Vertigo has released a preview for House of Mystery #25: The Exquisite Corpse, in stores Wednesday, 05/05/2010!
From writer Matt Sturges on the Vertigo blog:
“In the 1920’s, a group of French surrealists, drunk on good wine and Hegelian philosophy, stumbled upon a curious literary parlor trick. Passing around a notebook, each writer would compose a bit of story—whatever came to mind—and then pass the notebook on. The results were interesting, nonlinear, and often surprising. During their first time out, one of them scribbled the evocative phrase, “The exquisite corpse will drink the new wine,” and thus was born a literary fad.
The Exquisite Corpse, as it thus became known, took hold among writers, and then artists and musicians as well, celebrating the Surrealist philosophy of subverting reason and thought and allowing the unconscious to run rampant across the creative landscape. It was an ideal expression of their belief that the associations thus unearthed were superior to those generated by aesthetics and cognition.
As you might expect, it was mostly total garbage.
Regardless, I always thought it would be a fun experiment to try in comics. And in what better forum to try it than the pages of House of Mystery, where trying weird stuff has become something of a hobby for us?
Once I conned my editor into agreeing to do it, we set about gathering a collection of clever scribes who’d be willing and able to take on the task. We started with Bill Willingham, who’s always up for mischief. We took a chance on the unknown-to-comics Dave Justus because he’s clever and devious and a damn fine writer. We roped in the legendary Paul Levitz, because it seemed like a good idea to lend some respectability to the project, and we rounded out the circle with novelist (and former Vertigo editor) Alisa Kwitney, in order to class up the joint.
We decided to bend the rules a bit, for the sake of comprehensibility. Willingham would start a story, and then pass it on to the next writer. That writer would be able to read everything Bill had written, and then add to it. The next would be able to read everything that came before and keep things going. That way, I hoped, we’d end up with something that hopefully made some kind of sense, rather than a random collection of drivel which, while it might have been…interesting, might also have been a colossal disaster. And just to be on the safe side, I decided to go last, thinking that with everyone else’s contributions in front of me, I’d be able to wrap it all up in a nice, tidy bow.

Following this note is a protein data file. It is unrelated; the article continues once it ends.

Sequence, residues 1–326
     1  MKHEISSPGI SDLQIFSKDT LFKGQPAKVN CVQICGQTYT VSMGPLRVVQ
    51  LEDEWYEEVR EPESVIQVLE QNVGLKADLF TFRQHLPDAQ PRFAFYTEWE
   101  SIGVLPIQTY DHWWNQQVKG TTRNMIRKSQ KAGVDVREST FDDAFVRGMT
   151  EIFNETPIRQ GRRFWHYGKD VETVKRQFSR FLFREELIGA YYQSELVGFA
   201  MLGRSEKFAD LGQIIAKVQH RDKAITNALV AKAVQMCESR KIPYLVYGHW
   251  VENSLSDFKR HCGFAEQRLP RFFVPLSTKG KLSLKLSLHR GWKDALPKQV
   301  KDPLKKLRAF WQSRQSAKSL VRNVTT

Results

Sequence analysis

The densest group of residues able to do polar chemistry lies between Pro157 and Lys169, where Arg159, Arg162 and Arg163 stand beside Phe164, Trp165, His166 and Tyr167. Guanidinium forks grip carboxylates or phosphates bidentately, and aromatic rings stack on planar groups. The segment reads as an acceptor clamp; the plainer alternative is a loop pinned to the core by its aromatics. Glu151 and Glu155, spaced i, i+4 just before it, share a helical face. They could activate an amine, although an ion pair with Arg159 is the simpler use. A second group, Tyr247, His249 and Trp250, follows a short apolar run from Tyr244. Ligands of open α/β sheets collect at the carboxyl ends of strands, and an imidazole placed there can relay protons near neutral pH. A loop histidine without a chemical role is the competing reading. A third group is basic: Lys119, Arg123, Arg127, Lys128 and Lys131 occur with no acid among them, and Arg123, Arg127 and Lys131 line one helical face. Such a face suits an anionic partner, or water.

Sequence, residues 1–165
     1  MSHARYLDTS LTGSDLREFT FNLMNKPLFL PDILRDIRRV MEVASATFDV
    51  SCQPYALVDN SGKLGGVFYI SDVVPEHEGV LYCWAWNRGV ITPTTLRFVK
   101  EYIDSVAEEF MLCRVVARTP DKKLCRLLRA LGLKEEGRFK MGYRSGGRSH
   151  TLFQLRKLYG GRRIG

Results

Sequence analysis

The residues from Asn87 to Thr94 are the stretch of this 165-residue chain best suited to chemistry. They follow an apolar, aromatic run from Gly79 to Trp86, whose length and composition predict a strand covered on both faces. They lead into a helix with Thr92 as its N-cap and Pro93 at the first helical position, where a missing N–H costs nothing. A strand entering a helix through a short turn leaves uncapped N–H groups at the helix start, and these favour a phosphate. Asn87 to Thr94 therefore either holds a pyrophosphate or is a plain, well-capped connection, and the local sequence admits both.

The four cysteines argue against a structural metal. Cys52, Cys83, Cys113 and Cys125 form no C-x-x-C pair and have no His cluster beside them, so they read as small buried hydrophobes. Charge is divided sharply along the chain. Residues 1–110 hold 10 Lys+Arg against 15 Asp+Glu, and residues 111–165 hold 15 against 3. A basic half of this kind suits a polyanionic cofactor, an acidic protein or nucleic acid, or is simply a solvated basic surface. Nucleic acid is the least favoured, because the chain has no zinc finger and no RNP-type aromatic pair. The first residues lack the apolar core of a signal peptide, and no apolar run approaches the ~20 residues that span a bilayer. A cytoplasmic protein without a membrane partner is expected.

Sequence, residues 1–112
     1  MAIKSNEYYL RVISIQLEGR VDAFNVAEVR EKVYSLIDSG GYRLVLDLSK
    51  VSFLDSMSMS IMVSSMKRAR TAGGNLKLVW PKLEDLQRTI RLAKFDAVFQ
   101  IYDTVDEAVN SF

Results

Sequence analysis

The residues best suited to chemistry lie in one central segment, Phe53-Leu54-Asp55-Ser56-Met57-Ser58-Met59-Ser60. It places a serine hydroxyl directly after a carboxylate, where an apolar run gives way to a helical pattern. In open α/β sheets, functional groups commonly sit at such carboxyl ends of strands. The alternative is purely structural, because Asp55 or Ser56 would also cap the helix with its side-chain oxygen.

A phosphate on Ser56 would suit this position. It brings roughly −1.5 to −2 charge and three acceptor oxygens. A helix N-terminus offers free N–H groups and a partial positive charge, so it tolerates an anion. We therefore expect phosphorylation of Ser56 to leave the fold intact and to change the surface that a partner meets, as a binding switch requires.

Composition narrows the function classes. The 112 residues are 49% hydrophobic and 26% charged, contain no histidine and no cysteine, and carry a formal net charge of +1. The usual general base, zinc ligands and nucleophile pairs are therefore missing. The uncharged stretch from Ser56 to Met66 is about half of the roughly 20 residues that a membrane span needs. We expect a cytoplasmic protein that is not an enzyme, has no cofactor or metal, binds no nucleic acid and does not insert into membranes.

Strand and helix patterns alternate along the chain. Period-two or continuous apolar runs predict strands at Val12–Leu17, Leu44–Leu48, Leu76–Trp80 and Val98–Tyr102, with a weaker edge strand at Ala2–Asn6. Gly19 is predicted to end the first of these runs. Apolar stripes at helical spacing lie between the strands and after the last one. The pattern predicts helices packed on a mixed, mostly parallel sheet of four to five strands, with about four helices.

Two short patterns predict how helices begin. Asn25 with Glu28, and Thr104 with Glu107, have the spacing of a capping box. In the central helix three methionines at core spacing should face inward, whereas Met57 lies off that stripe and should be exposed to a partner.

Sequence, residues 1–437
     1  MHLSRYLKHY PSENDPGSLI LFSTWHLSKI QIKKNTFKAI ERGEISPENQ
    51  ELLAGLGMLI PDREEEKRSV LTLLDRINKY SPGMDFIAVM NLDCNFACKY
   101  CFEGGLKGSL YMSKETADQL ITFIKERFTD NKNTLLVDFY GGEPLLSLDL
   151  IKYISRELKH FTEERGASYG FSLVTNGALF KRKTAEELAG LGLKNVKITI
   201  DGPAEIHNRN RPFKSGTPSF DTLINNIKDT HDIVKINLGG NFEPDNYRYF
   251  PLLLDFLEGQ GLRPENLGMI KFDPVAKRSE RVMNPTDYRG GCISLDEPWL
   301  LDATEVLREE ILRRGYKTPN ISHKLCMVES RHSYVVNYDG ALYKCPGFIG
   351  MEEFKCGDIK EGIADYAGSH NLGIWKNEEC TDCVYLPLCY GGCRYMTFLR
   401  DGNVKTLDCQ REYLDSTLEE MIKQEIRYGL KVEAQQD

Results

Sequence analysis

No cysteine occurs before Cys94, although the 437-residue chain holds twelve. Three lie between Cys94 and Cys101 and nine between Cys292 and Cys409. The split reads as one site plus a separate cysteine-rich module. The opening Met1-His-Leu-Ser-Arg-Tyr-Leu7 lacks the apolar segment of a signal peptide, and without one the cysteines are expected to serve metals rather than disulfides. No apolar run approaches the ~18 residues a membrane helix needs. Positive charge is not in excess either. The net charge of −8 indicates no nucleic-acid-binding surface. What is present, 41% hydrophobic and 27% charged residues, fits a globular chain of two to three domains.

But there was a problem with that idea. See, Bill Willingham is not a nice man. And given the opportunity, he will go to great lengths to make you suffer. So when he started his tale, he decided to go full bore and write the next guy, Dave, into a bit of a corner, plotwise. Dave, seeing the fun in this, took what Bill had begun and passed it on, writing Paul into an even tighter corner. Paul ably made things much worse for Alisa, who decided to plant the coup de grace and put me in a position where I was pretty much totally f’d.
See, this story is supposedly set in the continuity of House of Mystery, sandwiched between issues twenty-four and twenty-six. Somehow I had to take the horrific scenario that they’d dealt me and resolve it in a way that a) made sense, b) got everything back where it was supposed to be, and c) wasn’t a cheat.
The last was the hardest by far. Given the damage that these inspired literary hooligans had caused, there didn’t seem much of a way out of it beyond, “And then they woke up to discover that it had all been a nasty, frightening dream.” But that isn’t how we do things around here. The ending had to make sense, it had to follow from what came before, and most importantly it had to not suck.
(In situations like this one takes comfort in that fact that, in comics, a talented artist can hide any number of sins. Thanks, Luca.)
Did we succeed? Did we come up with something that wasn’t just a parlor trick, but actually, you know, a coherent story? I leave that to the discerning reader to decide. If nothing else, you’ll never be able to hear the phrase “eat your heart out” again without feeling a bit queasy. In horror fiction, we call that a win.”
Source: Graphic Content